Northwest Territories preparing for the 2024 wildfire season

The Northwest Territories fire season is approaching and with it comes the need for thorough preparation.

On K’at’lodeeche First Nation, located on the Hay River, crews are adding more tools to their toolkit sooner.

Robert Lafleur is the new manager of Evergreen Forestry Limited Partnership, an Indigenous contract company.

He assumed control of the company from his father last year and has battled wildfires in previous seasons.

KFN currently has seven members, and 13 people in Fort Providence are undergoing training to join the crews on the Fireline when the season begins on April 29.

“What that entails is WHIMIS TDG [Workplace Hazardous Materials Information System – Transportation of Dangerous Goods by Ground], first aid, wilderness first aid and chainsaw with danger tree with level three assessment done,” Lafleur said. “They will come into the fire program and get them to progress faster to the crews and be integrated faster as well.”

Lafleur clarified that the crews must have good training after three tents were destroyed by a tree last year. Fighting fires is a risky job. Four firefighters died during their work last summer nationwide.

In 2023, the country experienced its most severe fire season to date, with more than 6,600 fires scorching over 15 million hectares, nearly twice the size of Lake Superior. This led to the displacement of over 230,000 individuals and widespread smoke pollution nationwide.

In the N.W.T., 303 fires burned more than 4.1 million hectares of land.

Hay River, KFN, and West Point First Nation were evacuated in May and August due to separate wildfires. Numerous homes and buildings were destroyed, and these communities are still in the process of recovering from the aftermath.

“That’s why I want all that training, that way they aren’t pulling people off the type one crew to go work with EFF (extra firefighters) or hiring chainsaw operators to work with EFF,” Lafleur said. “Last year it was high intensity, I had two crews out in Behchoko and then Smith they are out in Fort Smith and then here again.”
He said all six crew were extended well beyond their contract and wrapped up the season in late October 2023.

Evergreen partnered with Deh Gah Got’ine First Nations in Fort Providence and KFN.

Along the way, chiefs and experienced Elders are involved in the process and will be there to support crews.

Lafleur highlighted the importance of having two Chiefs, a board and two experienced Elders in forestry or firefighting, whose advice is greatly appreciated for promoting mental health.

“Especially with what happened last year mentally for the firefighters, you could see it last year so trying to get Elders input,” Lafleur said. “We will bring in a few Elders one from each community to talk to the guys and talk to them about their mentality heading into the program.”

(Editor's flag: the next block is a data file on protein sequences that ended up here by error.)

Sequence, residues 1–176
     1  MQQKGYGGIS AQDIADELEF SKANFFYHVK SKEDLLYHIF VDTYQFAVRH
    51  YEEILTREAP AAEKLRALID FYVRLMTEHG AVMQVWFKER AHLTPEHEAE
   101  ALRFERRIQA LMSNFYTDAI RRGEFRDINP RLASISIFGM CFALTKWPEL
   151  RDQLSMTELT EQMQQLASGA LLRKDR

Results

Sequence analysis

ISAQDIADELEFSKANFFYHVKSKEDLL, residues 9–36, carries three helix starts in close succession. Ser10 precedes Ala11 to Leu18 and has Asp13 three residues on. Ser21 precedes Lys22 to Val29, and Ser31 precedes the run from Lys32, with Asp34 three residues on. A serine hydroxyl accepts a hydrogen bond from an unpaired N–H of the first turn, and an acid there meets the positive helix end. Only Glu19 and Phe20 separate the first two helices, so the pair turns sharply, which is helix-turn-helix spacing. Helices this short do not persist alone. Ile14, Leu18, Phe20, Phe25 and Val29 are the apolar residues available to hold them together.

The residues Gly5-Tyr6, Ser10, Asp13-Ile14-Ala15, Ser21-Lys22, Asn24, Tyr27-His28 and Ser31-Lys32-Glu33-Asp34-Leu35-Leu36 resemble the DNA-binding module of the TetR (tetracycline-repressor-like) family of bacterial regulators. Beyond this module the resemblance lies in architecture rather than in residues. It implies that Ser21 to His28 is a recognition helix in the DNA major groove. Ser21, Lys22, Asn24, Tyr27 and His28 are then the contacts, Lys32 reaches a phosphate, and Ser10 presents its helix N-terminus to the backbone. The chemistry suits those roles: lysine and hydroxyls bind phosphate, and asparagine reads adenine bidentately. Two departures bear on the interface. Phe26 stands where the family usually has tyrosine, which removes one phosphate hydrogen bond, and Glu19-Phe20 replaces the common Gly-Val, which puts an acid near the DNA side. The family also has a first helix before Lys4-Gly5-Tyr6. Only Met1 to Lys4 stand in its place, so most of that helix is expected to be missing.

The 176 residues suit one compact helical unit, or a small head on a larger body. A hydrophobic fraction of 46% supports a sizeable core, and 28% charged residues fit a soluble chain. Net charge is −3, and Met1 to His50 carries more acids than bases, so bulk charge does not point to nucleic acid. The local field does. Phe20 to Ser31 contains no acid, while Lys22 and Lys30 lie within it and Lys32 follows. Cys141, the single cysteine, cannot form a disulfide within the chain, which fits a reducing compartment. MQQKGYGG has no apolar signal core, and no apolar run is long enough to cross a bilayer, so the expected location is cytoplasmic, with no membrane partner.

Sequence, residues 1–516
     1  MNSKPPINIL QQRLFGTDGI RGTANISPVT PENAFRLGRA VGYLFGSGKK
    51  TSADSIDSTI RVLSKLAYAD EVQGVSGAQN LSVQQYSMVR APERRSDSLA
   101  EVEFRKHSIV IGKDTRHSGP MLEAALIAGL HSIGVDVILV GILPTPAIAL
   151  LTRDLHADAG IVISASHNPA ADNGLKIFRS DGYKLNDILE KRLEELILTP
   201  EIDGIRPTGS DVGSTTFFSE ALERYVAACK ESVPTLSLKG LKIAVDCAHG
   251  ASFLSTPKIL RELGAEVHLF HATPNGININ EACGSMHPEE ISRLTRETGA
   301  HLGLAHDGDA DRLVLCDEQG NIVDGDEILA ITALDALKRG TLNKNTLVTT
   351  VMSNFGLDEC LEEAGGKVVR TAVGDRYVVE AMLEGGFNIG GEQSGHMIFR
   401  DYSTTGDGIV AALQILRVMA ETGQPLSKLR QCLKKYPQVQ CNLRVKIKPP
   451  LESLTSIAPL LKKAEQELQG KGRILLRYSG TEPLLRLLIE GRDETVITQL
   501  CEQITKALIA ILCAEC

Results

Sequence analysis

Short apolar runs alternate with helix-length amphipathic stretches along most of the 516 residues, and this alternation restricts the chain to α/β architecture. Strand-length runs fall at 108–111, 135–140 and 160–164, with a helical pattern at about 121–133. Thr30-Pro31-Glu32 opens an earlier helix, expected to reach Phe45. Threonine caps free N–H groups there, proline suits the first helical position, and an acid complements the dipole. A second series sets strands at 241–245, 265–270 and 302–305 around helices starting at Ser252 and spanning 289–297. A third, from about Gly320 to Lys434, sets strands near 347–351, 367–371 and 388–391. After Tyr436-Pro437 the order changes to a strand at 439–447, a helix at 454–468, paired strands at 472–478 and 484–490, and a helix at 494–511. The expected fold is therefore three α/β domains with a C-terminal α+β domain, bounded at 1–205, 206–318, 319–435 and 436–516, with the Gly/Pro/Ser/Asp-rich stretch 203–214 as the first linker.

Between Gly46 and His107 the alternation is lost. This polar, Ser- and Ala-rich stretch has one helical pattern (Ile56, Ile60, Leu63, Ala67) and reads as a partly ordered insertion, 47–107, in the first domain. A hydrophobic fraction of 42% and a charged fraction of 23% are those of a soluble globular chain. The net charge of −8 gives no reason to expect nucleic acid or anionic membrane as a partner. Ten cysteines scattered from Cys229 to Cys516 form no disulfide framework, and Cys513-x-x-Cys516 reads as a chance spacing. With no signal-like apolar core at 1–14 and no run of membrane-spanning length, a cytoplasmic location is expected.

Despite working in forestry for nearly two decades, Joachim Minoza mentioned that he was not called to fight wildfires until the middle of last year.

“It was too smoky they couldn’t fly us out sometimes,” Minoza said. “That’s when they asked me to do type two firefighter, but we just stayed around the base.”

Minoza spent weeks felling trees and cutting trails for crews. He mentioned the challenging conditions and the need for equipment like hoses. Initially, they lacked a cat guard, but once they had one, the work became easier. Minoza expressed satisfaction seeing younger crews getting involved in forestry and expressed hope that the area will be more equipped to combat future fires.

Shayne Fabian was also on standby for KFN, but additional training with Evergreen opens up more opportunities.

“In case the fire takes off again, we were just the emergency,” Fabian said. “But there was still lots of work to do and it was still fun working the last ten years with the same people and same community members.”

Similar to his teammates, he hails from a family rooted in forestry, with his father fighting fires. He said he’s proud to help safeguard his traditional land.

“It’s really important to do this, now where are we going to hunt moose, we are going to have to go further,” Fabian said.

Evergreen is working towards creating more job opportunities year-round, with teams involved in cutting firewood and a new reforestation initiative centered on black spruce pinecones.

“We are trying to get them all year round so that way they aren’t going on EI and sitting idle,” Lafleur said. “It would be nice to see them out there going to cut wood on traplines and helping CN (Canadian National Railway) with danger trees that fell onto the rail line.”

Meanwhile, the territorial government is organizing community meetings in areas most affected by last year’s wildfire to share insights and get ready for the future.

Despite the natural fire breaks formed by last year’s fires in the Northwest Territories, there are restrictions to the protection they offer.
“You can tell it’s going to be a drought year with snow melting early and our low water levels,” Lafleur said.

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